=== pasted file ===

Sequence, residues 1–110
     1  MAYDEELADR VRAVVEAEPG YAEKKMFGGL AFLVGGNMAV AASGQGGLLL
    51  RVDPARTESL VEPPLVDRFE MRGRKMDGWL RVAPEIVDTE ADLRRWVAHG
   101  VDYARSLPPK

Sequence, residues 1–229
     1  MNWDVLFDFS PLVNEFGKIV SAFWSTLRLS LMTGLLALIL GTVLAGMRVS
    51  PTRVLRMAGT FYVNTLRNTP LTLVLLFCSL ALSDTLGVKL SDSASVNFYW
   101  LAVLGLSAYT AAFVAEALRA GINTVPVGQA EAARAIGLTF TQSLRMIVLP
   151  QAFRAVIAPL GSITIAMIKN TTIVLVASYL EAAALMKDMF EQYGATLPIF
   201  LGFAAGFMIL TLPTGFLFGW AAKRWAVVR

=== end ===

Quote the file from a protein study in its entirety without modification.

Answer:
Sequence, residues 1–110
     1  MAYDEELADR VRAVVEAEPG YAEKKMFGGL AFLVGGNMAV AASGQGGLLL
    51  RVDPARTESL VEPPLVDRFE MRGRKMDGWL RVAPEIVDTE ADLRRWVAHG
   101  VDYARSLPPK

Sequence, residues 1–229
     1  MNWDVLFDFS PLVNEFGKIV SAFWSTLRLS LMTGLLALIL GTVLAGMRVS
    51  PTRVLRMAGT FYVNTLRNTP LTLVLLFCSL ALSDTLGVKL SDSASVNFYW
   101  LAVLGLSAYT AAFVAEALRA GINTVPVGQA EAARAIGLTF TQSLRMIVLP
   151  QAFRAVIAPL GSITIAMIKN TTIVLVASYL EAAALMKDMF EQYGATLPIF
   201  LGFAAGFMIL TLPTGFLFGW AAKRWAVVR